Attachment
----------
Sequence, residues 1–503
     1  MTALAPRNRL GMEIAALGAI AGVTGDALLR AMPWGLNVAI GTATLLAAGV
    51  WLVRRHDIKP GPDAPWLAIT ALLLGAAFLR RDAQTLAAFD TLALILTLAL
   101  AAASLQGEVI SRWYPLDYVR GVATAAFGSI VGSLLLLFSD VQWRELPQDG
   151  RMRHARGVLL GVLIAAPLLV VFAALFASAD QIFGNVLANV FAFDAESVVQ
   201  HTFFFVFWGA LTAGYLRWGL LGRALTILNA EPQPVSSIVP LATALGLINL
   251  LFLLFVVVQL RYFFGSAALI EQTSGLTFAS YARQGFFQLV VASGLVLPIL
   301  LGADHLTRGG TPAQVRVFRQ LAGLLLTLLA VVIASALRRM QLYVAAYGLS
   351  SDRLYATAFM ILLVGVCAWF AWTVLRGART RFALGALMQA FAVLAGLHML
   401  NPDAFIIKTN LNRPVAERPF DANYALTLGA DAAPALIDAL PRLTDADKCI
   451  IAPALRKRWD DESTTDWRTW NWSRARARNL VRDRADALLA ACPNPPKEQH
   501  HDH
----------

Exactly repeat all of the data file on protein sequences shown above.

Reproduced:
Sequence, residues 1–503
     1  MTALAPRNRL GMEIAALGAI AGVTGDALLR AMPWGLNVAI GTATLLAAGV
    51  WLVRRHDIKP GPDAPWLAIT ALLLGAAFLR RDAQTLAAFD TLALILTLAL
   101  AAASLQGEVI SRWYPLDYVR GVATAAFGSI VGSLLLLFSD VQWRELPQDG
   151  RMRHARGVLL GVLIAAPLLV VFAALFASAD QIFGNVLANV FAFDAESVVQ
   201  HTFFFVFWGA LTAGYLRWGL LGRALTILNA EPQPVSSIVP LATALGLINL
   251  LFLLFVVVQL RYFFGSAALI EQTSGLTFAS YARQGFFQLV VASGLVLPIL
   301  LGADHLTRGG TPAQVRVFRQ LAGLLLTLLA VVIASALRRM QLYVAAYGLS
   351  SDRLYATAFM ILLVGVCAWF AWTVLRGART RFALGALMQA FAVLAGLHML
   401  NPDAFIIKTN LNRPVAERPF DANYALTLGA DAAPALIDAL PRLTDADKCI
   451  IAPALRKRWD DESTTDWRTW NWSRARARNL VRDRADALLA ACPNPPKEQH
   501  HDH